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Garry Allison
04-10-1997, 05:51 PM
We are currently assesing the rate of decay / relaxation of EMG signal
amplitude as a result of a perturbation to the body.

We have attempted to identify the 'damping' constant for the data using an
exponential best fit algorithm. From our modelling data we have found that
the damping constant from the best fit is accurate when the data are
truncated and there is a smaller tail of randomised baseline noise.
Similarly from our modelling of data (exponential curve with random noise)
the number of data points required to obtain an accurate fit is influenced
by the signal to noise ratio, and the dampening coefficient & sample
frequency.

We believe that it seems logical to truncate the data when the signal
returns to say (twice) the power (RMS) of the pre-stimulus EMG signal
amplitude. However we open this issue to discussion (with appropriate
summary).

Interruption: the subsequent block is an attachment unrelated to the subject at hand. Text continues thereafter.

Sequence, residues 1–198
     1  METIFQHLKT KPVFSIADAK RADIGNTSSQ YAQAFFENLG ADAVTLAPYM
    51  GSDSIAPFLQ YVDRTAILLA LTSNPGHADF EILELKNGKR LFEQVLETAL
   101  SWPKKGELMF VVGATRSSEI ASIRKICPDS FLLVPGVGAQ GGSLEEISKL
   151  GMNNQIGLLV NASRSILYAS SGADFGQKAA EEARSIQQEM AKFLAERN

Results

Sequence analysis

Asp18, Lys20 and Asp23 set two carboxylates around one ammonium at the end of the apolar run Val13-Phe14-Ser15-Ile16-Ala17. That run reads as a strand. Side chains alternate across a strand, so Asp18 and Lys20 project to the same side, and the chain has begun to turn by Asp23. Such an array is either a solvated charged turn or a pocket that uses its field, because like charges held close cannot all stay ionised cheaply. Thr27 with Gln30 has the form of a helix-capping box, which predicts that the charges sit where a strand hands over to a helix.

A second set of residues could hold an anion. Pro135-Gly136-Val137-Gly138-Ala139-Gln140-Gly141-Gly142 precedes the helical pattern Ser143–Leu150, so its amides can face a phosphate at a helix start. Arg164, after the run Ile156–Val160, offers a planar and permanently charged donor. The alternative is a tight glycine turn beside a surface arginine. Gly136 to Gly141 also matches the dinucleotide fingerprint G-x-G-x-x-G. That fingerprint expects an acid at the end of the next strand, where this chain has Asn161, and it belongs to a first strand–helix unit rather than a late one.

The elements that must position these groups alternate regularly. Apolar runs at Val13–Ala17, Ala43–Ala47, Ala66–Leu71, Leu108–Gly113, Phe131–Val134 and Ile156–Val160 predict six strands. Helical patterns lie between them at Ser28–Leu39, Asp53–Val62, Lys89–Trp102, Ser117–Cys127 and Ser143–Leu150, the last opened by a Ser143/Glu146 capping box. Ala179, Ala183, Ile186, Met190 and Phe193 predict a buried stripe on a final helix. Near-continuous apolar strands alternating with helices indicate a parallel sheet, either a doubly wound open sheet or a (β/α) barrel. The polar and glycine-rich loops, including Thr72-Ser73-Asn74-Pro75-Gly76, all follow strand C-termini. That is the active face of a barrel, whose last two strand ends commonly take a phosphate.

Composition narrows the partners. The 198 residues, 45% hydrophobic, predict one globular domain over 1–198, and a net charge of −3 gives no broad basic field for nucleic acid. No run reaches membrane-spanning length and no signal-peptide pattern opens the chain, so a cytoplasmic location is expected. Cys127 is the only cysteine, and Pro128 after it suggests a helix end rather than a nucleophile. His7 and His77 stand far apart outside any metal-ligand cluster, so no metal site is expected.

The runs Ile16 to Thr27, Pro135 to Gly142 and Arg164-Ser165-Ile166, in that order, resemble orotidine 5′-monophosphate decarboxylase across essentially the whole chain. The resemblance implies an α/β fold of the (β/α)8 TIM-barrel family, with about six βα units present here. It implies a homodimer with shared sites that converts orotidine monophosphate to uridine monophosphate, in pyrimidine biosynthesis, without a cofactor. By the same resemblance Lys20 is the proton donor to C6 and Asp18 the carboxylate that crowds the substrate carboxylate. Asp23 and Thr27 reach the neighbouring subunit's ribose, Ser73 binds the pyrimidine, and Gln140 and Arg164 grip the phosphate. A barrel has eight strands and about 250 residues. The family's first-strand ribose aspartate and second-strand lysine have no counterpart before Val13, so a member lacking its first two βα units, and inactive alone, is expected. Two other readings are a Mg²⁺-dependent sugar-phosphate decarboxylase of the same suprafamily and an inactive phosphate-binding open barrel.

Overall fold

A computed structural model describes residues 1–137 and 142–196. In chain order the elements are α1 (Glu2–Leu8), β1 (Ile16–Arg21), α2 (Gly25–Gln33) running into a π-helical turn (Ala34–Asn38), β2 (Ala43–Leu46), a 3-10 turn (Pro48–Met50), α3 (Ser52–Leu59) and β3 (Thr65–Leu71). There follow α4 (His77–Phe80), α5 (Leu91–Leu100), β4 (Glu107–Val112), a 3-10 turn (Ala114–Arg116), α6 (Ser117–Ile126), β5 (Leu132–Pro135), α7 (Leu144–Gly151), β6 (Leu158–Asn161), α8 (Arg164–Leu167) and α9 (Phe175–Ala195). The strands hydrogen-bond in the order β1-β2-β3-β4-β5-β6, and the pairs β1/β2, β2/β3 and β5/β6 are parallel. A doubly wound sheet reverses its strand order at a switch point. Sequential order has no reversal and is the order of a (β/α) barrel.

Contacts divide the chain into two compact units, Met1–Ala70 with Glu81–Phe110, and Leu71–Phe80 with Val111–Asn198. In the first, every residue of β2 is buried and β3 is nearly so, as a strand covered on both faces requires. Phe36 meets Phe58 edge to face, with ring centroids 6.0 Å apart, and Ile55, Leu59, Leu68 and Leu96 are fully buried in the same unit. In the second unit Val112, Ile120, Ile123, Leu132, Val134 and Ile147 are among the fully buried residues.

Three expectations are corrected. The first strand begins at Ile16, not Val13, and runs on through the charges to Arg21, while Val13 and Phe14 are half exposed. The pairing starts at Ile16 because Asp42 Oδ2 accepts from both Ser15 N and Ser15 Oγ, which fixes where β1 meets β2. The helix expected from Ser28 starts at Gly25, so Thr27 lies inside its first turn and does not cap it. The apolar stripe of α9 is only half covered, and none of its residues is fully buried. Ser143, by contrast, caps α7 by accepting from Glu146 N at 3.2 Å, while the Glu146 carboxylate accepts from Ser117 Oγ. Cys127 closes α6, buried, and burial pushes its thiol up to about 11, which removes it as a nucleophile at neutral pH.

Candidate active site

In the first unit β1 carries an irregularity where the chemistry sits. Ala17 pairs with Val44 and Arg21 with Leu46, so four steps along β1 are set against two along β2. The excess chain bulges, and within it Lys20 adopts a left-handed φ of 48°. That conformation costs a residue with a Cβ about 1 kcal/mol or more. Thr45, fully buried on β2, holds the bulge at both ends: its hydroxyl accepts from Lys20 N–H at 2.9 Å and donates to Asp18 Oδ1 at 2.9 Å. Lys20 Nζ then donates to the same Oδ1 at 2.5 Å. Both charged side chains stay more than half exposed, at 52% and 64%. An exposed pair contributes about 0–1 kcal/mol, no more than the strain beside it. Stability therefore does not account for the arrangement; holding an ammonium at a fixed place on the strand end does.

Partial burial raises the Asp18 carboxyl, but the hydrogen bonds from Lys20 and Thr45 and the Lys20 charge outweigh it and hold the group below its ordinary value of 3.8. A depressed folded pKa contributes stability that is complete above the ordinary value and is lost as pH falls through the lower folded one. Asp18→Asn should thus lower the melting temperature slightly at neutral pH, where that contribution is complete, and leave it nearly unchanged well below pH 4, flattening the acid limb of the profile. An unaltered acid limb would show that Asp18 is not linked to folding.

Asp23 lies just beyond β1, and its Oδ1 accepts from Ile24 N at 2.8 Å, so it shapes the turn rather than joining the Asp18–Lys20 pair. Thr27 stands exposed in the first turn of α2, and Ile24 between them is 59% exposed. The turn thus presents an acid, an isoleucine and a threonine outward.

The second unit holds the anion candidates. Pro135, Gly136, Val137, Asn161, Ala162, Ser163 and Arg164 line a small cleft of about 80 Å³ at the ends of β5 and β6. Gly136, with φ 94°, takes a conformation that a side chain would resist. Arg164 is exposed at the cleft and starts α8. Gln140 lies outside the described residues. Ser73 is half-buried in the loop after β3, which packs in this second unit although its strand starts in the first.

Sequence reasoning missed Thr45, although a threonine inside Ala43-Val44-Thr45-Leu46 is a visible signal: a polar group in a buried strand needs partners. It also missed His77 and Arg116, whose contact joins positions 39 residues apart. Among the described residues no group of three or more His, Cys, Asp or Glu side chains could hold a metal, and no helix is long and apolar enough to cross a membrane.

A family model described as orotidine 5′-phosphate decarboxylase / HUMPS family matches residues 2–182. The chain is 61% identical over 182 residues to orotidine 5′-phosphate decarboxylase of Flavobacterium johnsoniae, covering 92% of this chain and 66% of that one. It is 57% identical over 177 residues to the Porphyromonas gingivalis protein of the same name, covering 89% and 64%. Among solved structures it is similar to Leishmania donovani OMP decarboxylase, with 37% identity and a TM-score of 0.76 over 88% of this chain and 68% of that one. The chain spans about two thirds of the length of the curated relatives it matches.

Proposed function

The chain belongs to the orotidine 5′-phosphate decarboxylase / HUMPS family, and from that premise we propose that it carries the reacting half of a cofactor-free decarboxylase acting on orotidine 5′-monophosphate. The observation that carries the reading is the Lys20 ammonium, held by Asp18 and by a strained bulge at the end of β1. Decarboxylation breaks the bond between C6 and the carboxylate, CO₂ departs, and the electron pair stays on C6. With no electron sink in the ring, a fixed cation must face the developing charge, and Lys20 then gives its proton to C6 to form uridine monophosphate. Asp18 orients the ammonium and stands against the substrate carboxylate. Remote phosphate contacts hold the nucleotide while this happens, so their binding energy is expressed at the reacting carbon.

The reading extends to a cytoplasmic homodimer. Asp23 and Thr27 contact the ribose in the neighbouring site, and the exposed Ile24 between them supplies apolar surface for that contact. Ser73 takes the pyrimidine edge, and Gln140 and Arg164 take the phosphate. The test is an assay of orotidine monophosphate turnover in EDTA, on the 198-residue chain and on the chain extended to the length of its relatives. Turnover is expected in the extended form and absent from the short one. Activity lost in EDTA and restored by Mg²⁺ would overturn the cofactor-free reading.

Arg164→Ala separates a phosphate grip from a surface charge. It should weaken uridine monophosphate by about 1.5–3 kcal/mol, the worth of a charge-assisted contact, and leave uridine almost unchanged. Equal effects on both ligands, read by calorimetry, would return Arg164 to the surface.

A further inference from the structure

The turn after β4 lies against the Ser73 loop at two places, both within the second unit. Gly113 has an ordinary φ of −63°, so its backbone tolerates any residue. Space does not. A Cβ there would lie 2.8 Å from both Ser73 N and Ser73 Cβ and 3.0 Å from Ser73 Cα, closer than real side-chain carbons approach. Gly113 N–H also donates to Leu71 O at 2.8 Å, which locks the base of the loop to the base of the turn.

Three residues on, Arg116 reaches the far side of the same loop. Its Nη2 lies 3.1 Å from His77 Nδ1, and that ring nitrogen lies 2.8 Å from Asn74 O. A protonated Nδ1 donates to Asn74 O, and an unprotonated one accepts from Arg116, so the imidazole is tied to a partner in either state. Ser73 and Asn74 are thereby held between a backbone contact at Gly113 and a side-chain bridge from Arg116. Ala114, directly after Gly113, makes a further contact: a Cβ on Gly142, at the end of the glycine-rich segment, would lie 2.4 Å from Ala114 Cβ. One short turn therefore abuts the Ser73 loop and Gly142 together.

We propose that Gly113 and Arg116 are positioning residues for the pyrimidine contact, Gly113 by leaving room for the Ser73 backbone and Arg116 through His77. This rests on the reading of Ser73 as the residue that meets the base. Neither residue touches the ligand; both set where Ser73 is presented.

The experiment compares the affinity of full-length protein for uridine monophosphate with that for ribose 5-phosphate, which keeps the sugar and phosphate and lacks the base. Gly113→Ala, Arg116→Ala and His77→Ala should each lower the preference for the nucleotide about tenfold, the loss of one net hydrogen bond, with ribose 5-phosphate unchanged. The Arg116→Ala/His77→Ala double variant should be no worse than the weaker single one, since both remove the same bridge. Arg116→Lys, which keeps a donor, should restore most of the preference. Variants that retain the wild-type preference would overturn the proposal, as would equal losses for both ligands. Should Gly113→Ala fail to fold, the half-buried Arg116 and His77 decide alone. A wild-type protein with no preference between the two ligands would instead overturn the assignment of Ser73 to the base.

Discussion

Another option is to attempt smooth the data and calculate the duration
between the paek and half of the amplitude - half relaxation duration. I
believe the filtering will be problematic since the frequency domain is
likely to be similar however, two questions arise, i). should the half
relaxation rate be calculated from the filtered, exponential best fit or
polynomial best fit data, ii). are there other methods of assessing rates
of decay / half relaxation rates etc etc.

Cheers
Garry.


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Garry T Allison PhD. Lecturer,
School of Physiotherapy, email:iallison@info.curtin.edu.au
Curtin University of Technology, Tel. +61 9 351 3648
Selby Street, Shenton Park, Fax. +61 9 351 3636
Western Australia 6008

Tel. +61 8 9266 3648 (after 5/May/97)
Fax. +61 8 9266 3636 (after 5/May/97)
http://www.curtin.edu.au/curtin/dept/physio/pt/staff/allison/
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